For that extra zing in your application (but probably not applet), try out calls to native code. Wave goodbye to 100% pure Java certification, and say hello to added complexity in your development environment and deployment procedure. (If you are already in this situation for reasons other than performance tuning, there is little overhead to taking this route in your project.)
I've seen native method calls used for performance reasons in earlier Java versions when doing intensive number-crunching for a scientific application and parsing large amounts of data in a restricted time. In these and other cases, the runtime application environment at the time could not get to the required speed using Java. I should note that a parsing application would now be able to run fast enough in pure Java, but the original application was built with quite an early version. In addition, some number crunchers find that the latest Java runtimes and optimizing compilers give them sufficient performance in Java without resorting to any native calls.
 Serious number crunchers spend a large proportion of their time performance-tuning their code, whatever language it is written in. To gain sufficient performance in Java, they of course need to tune the application intensively. But this is also true if the application is written in C or Fortran. The amount of tuning required is now, apparently, similar for these three languages. Further information can be found at http://www.javagrande.org.
The JNI interface itself has its own overhead, which means that if a pure Java implementation comes close to the native call performance, the JNI overhead probably cancels any performance advantages from the native call. However, on occasion the underlying system can provide an optimized native call that is not available from Java and cannot be implemented to work as fast in pure Java. In this kind of situation, JNI is useful for tuning.
Another case in which JNI can be useful is reducing the number of objects created, though this should be less common: you should normally be able to do this directly in Java. I once encountered a situation where JNI was needed to avoid excessive objects. This was with an application that originally required the use of a native DLL service. The vendor of that DLL ported the service to Java, which the application developers would have preferred using, but unfortunately the vendor neglected to tune the ported code. This resulted in a native call to a particular set of services producing just a couple dozen objects, but the Java-ported code producing nearly 10,000 objects. Apart from this difference, the speeds of the two implementations were similar. However, the overhead in garbage collection caused a significant degradation in performance, which meant that the native call to the DLL was the preferred option.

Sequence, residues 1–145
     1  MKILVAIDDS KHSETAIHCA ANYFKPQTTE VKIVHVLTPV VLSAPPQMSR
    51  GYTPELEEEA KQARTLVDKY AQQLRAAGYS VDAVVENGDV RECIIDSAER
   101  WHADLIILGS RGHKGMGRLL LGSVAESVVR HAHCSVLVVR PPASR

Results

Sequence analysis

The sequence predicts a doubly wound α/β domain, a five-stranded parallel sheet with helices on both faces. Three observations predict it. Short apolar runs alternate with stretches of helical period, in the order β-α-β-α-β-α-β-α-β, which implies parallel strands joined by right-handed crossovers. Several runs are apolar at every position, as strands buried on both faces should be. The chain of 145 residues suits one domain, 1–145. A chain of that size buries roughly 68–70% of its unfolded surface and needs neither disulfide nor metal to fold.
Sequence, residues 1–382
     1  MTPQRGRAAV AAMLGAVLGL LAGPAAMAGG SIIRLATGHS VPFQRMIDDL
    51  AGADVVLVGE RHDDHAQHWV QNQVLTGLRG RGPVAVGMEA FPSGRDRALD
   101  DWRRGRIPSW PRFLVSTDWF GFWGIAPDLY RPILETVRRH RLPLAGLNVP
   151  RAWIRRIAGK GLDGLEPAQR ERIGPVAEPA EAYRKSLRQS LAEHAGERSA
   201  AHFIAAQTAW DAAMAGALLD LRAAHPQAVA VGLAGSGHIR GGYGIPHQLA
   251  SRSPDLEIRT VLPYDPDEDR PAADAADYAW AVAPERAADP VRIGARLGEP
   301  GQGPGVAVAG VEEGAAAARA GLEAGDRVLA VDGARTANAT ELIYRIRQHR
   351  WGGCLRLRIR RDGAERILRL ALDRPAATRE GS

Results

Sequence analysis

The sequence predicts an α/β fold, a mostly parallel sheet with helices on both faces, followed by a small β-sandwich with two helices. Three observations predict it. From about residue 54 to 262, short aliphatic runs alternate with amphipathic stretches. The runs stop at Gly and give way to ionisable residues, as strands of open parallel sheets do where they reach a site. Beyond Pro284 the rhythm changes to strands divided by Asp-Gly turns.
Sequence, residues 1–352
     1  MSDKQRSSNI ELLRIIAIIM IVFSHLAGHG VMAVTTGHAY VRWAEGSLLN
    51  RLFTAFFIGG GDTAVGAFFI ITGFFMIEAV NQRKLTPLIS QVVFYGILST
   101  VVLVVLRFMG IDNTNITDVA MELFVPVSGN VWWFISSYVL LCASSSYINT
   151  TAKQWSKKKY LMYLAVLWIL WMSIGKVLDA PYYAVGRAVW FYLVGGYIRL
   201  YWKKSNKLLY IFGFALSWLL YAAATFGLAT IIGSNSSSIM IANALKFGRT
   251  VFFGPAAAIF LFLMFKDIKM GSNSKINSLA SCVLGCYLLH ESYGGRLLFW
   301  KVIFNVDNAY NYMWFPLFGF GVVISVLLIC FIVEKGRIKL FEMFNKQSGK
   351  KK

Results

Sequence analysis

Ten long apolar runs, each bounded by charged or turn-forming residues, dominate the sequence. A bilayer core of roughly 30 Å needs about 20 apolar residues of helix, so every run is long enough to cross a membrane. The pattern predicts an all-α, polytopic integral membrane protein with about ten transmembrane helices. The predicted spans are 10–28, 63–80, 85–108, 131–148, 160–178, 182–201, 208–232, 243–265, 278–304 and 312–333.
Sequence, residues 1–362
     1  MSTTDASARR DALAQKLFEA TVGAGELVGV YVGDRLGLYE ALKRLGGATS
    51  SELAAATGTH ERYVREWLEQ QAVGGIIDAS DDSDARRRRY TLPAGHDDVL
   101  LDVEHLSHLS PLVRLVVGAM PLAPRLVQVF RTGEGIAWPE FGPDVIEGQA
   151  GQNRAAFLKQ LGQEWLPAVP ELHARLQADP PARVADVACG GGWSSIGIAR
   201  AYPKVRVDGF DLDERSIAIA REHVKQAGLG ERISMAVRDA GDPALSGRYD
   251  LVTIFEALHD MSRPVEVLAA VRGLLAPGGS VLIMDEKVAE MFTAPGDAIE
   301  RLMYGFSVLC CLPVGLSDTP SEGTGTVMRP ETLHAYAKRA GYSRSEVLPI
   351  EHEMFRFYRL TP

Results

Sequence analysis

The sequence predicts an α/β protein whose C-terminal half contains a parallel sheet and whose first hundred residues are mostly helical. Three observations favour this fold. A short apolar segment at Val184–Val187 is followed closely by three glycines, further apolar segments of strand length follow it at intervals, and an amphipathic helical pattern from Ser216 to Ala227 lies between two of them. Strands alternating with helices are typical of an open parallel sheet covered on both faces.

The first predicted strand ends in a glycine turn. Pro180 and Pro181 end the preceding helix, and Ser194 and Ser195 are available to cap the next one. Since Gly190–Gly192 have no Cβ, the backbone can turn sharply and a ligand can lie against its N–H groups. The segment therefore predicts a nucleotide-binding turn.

This increase in object creation normally results in a much slower implementation. However, in this particular case, the methods required synchronizing to a degree that gave a larger overhead than the object creation. Nevertheless, the much larger number of objects created by the untuned Java implementation needed reclaiming at some point, and this led to greater overhead in the garbage collection.
If you are following the native function call route, there is little to say. You write your routines in C, plug them into your application using the native keyword, profile the resultant application, and confirm that it provides the required speedup. You can also use C (or C++ or whatever) profilers to profile the native code calls if it is complicated.
Other than this, only a few recommendations apply:
If you are calling the native routines from loops, you should move the loops down into the native routines and pass the loop parameters to the routine as arguments. This usually produces faster implementations.
In a similar but more generic vein, try to avoid crossing the JNI.
Avoid passing objects across JNI if possible. Where necessary, try to pass primitive types. If it is necessary to pass objects such as arrays, try to do as much data movement as possible in one transfer to minimize transfer overhead.
From 1.4, native ByteBuffer s (available with the java.nio packages) allow you to pass data to native libraries without necessarily passing the data through the JNI, which can be a significant gain. You can allocate a native ByteBuffer in the C code and pass the pointer through the JNI, avoiding the JNI data transfer overhead. (At least one animation application has actually allocated memory on the graphics card as a native ByteBuffer, and manipulated that ByteBuffer from the Java side.)
If you use JNI Get calls (e.g., GetStringCritical), you must always use the corresponding Release call (e.g., ReleaseStringCritical) when you have finished with the data, even if the isCopy parameter indicates that no copy was taken.
One other recommendation, which is not performance tuning-specific, is that it is usually good practice to provide a fallback methodology for situations when the native code cannot be loaded. This requires extra maintenance (two sets of code, extra fallback code) but is often worth the effort. You can manage the fallback at the time when the DLL library is being loaded by catching the exception when the load fails and providing an alternative path to the fallback code, either by setting boolean switches or by instantiating objects of the appropriate fallback classes as required.